Papers of Benjamin Franklin, ed. Willcox, 24:331
Franklin advises a young French officer against joining the American cause. On 24 June the Comte de Tressan had written Franklin seeking his assistance in gaining a commission in the Continental Army for his son, Louis-Michel de La Vergne, marquis de Tressan. Franklin here attempts to graciously deflect the offer since he was only too aware of the ill-will and confusion caused by the foreign commissions granted by Silas Deane, his colleague as American Minister to France.
"As an American I cannot but feel myself extreamly oblig'd by your generous Offer of the Services of your Son to our Cause. I wish it was in my Power to assure him the Rank and Employment, on his Arrival in America, that his good Will and his Military Talents and Experience may justly intitle him to: But having no Authority for such Purposes, I can only furnish him (in case he should upon Consideration resolve to pass thither) with Letters of Recommendation to the General and some other Friends as a Gentleman of Merit and Character, which may procure him their Civilities, but are by no means to be depended as giving a Certainty of Place in our Armies. And knowing as I do that there are a Number of foreign Officers now there offering their Service, and for whom Employ suitable to their Rank cannot be found, our Armies being fully officer'd, I can by no means advise a Friend to undertake so long and hazardous a Voyage on such an Uncertainty."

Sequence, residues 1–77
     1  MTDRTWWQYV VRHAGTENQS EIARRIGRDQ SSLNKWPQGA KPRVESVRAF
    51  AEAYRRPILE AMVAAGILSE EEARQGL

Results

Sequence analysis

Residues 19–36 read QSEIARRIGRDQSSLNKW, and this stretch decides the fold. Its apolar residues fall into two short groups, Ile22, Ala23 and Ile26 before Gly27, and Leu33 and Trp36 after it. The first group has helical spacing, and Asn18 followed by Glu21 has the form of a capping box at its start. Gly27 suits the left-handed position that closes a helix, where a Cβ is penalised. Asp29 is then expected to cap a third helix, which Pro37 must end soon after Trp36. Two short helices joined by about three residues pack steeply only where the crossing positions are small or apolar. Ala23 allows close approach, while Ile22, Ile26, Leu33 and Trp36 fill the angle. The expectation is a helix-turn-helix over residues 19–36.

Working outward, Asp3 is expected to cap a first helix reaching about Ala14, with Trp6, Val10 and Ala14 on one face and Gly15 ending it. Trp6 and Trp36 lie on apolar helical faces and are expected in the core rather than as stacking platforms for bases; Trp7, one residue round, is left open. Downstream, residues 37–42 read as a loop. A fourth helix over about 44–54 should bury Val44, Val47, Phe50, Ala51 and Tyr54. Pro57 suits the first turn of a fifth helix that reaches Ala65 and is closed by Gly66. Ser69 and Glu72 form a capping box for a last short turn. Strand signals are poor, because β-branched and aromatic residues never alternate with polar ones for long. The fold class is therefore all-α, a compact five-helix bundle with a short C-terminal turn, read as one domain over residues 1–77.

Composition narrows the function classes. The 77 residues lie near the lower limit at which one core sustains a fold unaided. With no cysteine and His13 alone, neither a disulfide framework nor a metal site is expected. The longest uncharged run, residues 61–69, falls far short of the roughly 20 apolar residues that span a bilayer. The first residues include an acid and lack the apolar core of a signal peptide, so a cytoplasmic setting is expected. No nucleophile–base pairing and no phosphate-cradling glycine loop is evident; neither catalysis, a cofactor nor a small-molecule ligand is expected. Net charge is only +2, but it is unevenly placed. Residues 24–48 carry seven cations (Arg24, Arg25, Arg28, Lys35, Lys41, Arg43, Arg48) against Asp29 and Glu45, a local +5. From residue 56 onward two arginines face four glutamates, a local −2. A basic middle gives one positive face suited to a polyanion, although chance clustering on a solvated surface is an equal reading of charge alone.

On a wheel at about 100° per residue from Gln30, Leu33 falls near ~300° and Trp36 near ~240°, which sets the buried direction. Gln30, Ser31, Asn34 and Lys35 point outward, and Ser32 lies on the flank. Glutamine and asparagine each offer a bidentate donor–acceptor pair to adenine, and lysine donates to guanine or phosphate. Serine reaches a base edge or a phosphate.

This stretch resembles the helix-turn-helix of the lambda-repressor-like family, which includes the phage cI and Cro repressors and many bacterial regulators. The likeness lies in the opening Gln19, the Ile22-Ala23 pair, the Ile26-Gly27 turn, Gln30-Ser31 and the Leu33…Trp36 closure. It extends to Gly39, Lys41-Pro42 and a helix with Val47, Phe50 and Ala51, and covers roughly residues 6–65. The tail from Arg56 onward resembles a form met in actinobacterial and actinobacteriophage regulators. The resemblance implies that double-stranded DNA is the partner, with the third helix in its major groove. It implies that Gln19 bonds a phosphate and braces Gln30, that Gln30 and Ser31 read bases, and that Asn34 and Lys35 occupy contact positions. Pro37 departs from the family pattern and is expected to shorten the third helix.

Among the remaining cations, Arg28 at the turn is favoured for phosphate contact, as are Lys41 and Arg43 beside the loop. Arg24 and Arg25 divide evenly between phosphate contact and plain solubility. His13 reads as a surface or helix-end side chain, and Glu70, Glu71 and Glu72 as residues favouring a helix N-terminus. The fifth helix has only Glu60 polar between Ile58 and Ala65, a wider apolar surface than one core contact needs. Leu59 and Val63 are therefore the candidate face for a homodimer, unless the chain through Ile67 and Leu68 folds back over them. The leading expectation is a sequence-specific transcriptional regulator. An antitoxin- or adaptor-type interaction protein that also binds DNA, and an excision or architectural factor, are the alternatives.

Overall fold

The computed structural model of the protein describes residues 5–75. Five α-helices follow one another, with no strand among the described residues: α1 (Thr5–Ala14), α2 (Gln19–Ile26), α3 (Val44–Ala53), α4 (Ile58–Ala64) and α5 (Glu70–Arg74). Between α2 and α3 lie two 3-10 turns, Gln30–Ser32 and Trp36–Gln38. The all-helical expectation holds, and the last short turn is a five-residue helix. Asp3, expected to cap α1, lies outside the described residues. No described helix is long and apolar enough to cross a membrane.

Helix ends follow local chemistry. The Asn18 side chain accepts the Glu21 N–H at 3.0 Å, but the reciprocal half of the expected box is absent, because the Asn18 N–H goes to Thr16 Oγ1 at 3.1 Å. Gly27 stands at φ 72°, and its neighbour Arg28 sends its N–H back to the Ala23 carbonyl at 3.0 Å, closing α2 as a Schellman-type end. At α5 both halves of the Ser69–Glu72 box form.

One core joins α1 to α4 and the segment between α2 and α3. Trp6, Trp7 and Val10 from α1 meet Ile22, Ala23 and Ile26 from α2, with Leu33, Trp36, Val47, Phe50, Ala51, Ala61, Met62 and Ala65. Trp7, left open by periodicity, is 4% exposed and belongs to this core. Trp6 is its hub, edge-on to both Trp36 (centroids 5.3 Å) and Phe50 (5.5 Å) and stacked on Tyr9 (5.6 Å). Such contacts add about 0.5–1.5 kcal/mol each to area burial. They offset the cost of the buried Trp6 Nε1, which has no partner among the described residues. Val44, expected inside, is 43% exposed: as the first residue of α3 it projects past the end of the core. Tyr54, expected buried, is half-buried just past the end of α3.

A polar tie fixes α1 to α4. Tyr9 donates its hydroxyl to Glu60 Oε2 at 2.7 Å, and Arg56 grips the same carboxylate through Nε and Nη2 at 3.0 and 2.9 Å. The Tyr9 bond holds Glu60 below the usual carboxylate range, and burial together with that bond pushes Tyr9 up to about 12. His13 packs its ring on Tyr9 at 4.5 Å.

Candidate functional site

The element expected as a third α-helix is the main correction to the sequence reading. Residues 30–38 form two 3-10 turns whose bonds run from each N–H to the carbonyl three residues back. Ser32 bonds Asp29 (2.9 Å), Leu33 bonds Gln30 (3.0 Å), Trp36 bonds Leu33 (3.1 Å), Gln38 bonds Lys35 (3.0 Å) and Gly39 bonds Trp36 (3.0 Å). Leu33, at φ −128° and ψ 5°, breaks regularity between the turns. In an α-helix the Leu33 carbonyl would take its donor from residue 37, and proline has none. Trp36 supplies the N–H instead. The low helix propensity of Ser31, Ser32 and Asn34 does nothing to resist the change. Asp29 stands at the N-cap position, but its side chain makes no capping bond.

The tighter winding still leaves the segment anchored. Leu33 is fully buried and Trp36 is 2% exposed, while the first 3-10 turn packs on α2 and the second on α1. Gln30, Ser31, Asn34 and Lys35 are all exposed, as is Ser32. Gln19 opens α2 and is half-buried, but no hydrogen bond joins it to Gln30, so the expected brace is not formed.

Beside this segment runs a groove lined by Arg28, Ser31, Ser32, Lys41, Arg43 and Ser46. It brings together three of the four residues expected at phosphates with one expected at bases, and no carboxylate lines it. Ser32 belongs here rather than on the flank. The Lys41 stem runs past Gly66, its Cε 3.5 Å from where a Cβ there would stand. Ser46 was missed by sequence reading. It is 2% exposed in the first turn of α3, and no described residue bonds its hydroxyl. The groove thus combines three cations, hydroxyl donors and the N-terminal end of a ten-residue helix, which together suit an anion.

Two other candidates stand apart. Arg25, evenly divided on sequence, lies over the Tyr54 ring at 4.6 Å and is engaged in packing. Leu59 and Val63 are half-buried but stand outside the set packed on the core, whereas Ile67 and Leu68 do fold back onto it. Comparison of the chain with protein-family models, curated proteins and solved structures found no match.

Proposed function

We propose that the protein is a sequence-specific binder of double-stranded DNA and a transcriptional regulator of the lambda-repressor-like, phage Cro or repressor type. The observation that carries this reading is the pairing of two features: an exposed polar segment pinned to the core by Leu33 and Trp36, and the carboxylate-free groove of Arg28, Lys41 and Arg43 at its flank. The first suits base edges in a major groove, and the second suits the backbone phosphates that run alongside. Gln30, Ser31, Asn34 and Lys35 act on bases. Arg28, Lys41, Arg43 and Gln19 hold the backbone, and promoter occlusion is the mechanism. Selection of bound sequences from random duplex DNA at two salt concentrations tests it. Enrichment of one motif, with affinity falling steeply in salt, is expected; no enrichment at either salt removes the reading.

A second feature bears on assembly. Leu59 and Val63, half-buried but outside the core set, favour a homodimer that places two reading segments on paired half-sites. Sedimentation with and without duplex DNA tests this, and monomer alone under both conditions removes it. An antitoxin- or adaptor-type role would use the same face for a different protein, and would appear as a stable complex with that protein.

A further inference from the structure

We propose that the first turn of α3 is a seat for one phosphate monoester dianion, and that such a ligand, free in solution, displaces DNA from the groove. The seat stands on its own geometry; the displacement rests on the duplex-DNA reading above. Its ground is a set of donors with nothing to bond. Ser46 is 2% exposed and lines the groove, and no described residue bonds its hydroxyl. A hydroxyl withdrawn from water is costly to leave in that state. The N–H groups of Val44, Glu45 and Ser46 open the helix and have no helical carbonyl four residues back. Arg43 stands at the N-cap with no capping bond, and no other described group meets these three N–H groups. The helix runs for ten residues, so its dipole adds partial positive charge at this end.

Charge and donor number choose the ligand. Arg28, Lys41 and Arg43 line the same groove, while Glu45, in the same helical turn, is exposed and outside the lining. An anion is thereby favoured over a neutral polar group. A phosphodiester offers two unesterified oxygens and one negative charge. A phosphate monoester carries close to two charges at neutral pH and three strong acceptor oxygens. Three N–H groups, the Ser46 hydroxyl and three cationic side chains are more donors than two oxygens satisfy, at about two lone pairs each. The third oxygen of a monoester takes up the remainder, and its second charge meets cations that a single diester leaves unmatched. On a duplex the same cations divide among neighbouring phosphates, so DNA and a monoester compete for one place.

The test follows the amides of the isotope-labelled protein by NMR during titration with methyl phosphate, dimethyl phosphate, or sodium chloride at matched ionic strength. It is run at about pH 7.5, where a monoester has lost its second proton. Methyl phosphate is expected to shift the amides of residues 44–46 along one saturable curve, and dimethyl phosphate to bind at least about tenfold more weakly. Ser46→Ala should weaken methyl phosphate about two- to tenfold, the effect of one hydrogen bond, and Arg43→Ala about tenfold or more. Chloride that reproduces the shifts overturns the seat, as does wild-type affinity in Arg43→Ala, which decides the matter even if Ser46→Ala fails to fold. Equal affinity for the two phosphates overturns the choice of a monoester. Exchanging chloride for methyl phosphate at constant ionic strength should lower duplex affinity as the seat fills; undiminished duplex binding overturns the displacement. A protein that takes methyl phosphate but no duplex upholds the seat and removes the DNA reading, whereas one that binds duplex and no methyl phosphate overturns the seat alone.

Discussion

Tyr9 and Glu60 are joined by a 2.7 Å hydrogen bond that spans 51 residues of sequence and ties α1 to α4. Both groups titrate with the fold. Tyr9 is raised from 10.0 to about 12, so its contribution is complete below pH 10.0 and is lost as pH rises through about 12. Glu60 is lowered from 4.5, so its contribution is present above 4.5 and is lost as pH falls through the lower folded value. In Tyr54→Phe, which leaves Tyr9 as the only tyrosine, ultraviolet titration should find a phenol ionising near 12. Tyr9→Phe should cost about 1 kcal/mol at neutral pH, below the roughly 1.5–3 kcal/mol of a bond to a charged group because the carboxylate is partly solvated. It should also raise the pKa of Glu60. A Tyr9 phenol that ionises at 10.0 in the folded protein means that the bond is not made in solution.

Deane had invoked the ire—and eventually the censure—of the Continental Congress by freely distributing contracts for military service larded with guarantees of rank and promises of the most generous compensation. Just eleven days after Franklin sent this reply, James Lovell, a congressional delegate from Massachusetts, complained to his New Hampshire colleague William Whipple that because of "French Treaties made by Deane we have a fresh quaintity [of perplexities] from the arrival of 2 Majors General, two Brigadiers, 2 Lt.Cols, 2 Majors, 3 Captains and two Lts" (Letters of Delegates 7:392).
Unfortunately, the marquis de Tressan chose not to heed Franklin's advice. He was captured at sea while sailing for America and interned in Ireland until 1781.
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